Taking the ITIL v3 Managers bridge – some notes

Hopefully these notes will be useful for others; based on my experience of last weeks Bridging course and exam from The Art of Service in Brisbane.

The Curriculum

  • the curriculum is available from APM Group here
  • I didn’t see any surprises in the exam – i.e. everything in the exam was described in the curriculum
  • the focus of the exam is the differences from the ITIL v2 Managers exam.

Differences … but..

  • the bridge does assume that you understand the ITIL v2 space pretty well – i.e. your managers is still fresh!
  • you should read the five ITIL v3 books; there is a lot of contextual information that you really do need to understand.

After four days of cramming in Brisbane I ended up with five annoted ITIL books; five ‘books of notes’; each based on one of the phase books; a book of sample questions and exam-style questions; and finally a book of mind maps from The Art of Service.

For my own learning style the cross-referencing between the ‘bridge notes’ from The Art of Service and back to the books was really useful. It let me refer quickly from a concept – such as Portfolio Management, back to the relevent sections in the books.

Also useful is cross-referencing where the different roles and processes intersect. There is a lot of emphasis on the holistic lifecycle; also on the relationships between phases in the lifecycle. It’s not enough to try and map the v2 linear world onto the v3 map; I found it invaluable working with others to really understand the lifecycle and how it all fits.

Exam is done. Fingers crossed. Results in a week or so.

ITIL v3 Managers bridge

I’m in Brisbane – at the end of day one of my ITIL v3 Managers bridge course.

Phew. I’m tired. Just like the training for the v2 Managers Certificate last year (here, the exam here and results just before new year.)

The training and exam are for the ITIL v3 Managers Certificate. That gives me the ‘ITIL Expert’

The ‘ITIL Expert’ is the new description for the ITIL v3 Diploma; also an update on the Intermediate modules for the direct route – they are slowly being rolled out later this year and into 2009. I wouldn’t expect to see the Managing across Lifecycle until maybe March 2009.

The other interesting point is that the ‘Advanced Level’ in the diagram doesn’t exist yet.

Strange world

I travelled wearing my black Ximian staff shirt; then I got stopped in the airport by a Gnome fanboy who told me that the Ximian Desktop rocked!

ITIL v3 Foundation

I’m in Provo for a couple of days – sitting on an ITIL v3 Foundation course.

The main reason – it’s a cheap and convenient way to sit the exam..

I can’t sit the electronic exam at Prometric in Utah until the New Year. If I was in London I could do it today. Strange how electronically delivered tests take so long to roll out.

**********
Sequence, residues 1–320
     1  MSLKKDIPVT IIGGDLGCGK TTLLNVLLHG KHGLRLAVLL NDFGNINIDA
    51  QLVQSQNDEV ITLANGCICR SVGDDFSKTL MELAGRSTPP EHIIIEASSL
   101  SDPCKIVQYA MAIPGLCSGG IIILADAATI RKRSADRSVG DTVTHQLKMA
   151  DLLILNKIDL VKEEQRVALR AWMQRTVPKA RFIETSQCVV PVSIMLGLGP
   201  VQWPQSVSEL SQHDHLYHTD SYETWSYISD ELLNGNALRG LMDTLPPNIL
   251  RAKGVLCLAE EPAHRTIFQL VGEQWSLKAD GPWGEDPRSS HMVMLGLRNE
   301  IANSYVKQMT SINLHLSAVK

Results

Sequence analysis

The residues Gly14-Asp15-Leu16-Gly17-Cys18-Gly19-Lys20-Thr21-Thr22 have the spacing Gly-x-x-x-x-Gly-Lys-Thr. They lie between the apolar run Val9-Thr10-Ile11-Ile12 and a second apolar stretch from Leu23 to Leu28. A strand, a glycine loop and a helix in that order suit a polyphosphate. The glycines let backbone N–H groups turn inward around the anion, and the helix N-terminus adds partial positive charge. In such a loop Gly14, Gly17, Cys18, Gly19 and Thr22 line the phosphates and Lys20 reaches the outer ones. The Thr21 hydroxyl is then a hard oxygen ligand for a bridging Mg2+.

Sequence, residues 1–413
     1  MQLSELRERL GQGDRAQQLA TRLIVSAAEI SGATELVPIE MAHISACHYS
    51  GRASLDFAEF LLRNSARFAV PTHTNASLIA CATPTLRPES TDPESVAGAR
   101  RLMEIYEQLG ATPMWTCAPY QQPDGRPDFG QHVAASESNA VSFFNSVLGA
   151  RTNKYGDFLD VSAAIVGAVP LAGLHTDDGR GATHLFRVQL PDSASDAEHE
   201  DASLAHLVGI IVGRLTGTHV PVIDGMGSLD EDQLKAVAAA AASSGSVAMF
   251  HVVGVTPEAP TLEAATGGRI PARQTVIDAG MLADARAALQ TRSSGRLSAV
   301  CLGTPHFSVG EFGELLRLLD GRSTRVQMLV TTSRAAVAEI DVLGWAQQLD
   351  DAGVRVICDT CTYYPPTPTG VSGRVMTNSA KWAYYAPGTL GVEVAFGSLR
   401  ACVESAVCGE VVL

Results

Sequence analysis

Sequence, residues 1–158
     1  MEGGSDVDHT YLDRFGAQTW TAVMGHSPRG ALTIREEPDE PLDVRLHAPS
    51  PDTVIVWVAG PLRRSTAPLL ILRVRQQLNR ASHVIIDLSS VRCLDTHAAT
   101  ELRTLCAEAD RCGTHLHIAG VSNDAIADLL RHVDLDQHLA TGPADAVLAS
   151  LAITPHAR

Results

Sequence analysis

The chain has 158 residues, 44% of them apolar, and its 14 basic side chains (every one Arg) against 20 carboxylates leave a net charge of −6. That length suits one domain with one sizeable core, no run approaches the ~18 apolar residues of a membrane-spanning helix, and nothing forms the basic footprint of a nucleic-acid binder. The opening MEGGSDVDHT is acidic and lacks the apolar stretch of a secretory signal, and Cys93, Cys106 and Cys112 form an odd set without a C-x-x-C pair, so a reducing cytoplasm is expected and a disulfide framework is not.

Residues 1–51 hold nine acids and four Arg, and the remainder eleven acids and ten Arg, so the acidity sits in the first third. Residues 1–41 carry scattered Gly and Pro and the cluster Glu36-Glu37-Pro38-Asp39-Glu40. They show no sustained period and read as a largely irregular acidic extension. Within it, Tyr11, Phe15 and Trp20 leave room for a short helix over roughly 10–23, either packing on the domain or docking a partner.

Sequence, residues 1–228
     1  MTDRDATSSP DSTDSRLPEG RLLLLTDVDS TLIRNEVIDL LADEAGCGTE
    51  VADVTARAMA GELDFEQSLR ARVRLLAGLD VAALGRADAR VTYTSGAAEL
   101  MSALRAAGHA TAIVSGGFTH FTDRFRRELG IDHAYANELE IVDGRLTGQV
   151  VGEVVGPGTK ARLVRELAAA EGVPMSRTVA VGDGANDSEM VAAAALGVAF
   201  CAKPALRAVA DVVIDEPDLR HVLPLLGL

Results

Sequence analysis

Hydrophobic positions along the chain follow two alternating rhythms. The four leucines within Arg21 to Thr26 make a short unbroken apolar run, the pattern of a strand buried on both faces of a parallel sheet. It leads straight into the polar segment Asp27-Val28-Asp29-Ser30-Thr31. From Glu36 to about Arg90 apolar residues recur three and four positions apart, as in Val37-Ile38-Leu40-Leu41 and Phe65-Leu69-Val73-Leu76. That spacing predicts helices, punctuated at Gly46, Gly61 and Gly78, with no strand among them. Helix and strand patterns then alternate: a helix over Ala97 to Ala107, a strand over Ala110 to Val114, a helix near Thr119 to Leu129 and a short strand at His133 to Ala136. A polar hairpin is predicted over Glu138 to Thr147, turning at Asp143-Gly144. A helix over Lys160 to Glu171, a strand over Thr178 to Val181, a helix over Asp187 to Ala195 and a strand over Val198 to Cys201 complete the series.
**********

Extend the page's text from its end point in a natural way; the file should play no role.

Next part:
WordPress 2.3.1 and Windows Live Writer

Just a quick note; WordPress 2.3.1 adds support for WLW Keywords.

Some nomenclature changes – tags to keywords; but it works just great.

Here are the Keywords in WLW:


… and the corresponding tags in WordPress:


ZENworks Configuration Management – building a custom agent deployment package

A long title for a short post.

The default agent deployment packages created during Primary Server installation are hard coded to the Fully Qualified DNS Name and the static IP address of your server. All well and good for a single server; but what about:

  • DNS round robin
  • servers behind static NAT
  • etc

Here’s how to build a custom agent deployment package with either no server details (add them via registration at deployment time) or with a single DNS name.

Continue reading “ZENworks Configuration Management – building a custom agent deployment package”

Securing a WordPress blog

 I’ve been hosting a family blog and photo site for a good friend for over a year.

They decided recently to ‘lock down’ the site and restrict access to both the blog and the photos to family and friends only.

I spent some of yesterday doing this.

I’ve extensively use WPG2 to integrate WordPress and Gallery2 – and I use the permissions and roles within Gallery2 to successfully limit access to pictures. The most striking example of this is with my sisters Cub Scout web site; non members can read blog posts; but not view pictures.

Securing the WordPress side was a little more tricky. Drupal has a very strong permissions module -especially useful for the anonymous user. Nothing like that for WordPress.

In the end I used the post-levels plugin from Filipe Fortes – it needed some SQL mungling to work with WordPress 2.3 – but the end results were pretty good.